Though this blog is called Caffeinated Politics, and it never is too difficult to determine which side of the political divide I align with, it also is never hard to determine that I stand on some long-held foundations. Foundations that are perhaps Mid-Western, and clearly ones instilled decades ago, when as a boy, my parents were determined to raise a kid they could be proud to claim as their own.
Tuesday when Vice-President Mike Pence visited Madison we had all the optics that accompany such an occasion. The massive jet landing at Truax and the clapping crowd to welcome him. The motorcade that zipped its way to the State Capitol, the protestors who opposed the education funding policy that was the topic of the day, and the school kids who were a backdrop to the podium. It was all part and parcel of what takes place when such notables make a stop in the statehouse.
And it needs to be noted for the sake of history buffs, that Pence was, by all those who keep such data, the first vice-president to have been inside our Capitol. So it was noteworthy to be sure. Regardless of politics.
And that is where I am headed.
What was missing from the occasion was Wisconsin Governor Tony Evers meeting and shaking the hand of Pence. It was the most awkward and unpleasant part of the day from my perspective.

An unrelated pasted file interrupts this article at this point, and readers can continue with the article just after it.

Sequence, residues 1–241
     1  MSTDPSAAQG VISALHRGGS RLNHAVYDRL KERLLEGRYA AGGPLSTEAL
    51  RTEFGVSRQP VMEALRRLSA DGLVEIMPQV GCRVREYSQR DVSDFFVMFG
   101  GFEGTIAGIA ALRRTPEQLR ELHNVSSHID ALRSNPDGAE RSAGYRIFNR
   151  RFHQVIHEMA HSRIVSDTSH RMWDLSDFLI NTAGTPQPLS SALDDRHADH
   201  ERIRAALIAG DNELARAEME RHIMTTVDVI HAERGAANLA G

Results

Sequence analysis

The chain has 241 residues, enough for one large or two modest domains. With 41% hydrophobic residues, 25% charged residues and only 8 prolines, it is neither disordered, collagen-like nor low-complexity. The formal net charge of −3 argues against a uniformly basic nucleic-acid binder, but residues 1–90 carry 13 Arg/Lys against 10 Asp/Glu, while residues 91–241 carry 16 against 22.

I am very aware of the fundamental differences between the two parties, the chaos that drives our political differences deeper and wider. I am very aware of what has happened to the body politic since the election of 2016. But I am also mindful that President Lincoln made a cabinet of those who had less than warm regards for him. It was Jack Kennedy who brought Lyndon Johnson inside the tent.
When the polite niceties that cost us nothing–such as a handshake and a greeting–are tossed aside for what has to assume are due to the most base of reasons then perhaps it is time to really get dispirited about our politics.
Yes, Pence was in town to score points against Evers over private schools and public funding. Yes, there was a most important secondary reason for the trip that has to do with our state being a most pivotal one come November’s presidential election. For those who work in politics every day, this is to be expected.
But all that makes for even more reason to show that in the midst of the storm one has the ability to step forward and shake the hand of an opponent. By so doing it shows that there is no rancor when it comes to being a gentleman, a nice guy from Wisconsin, a fellow governor.
It was not a good look for Evers who missed not only being in a historic photo with Pence at the statehouse but for becoming smaller as a person.
And so it goes.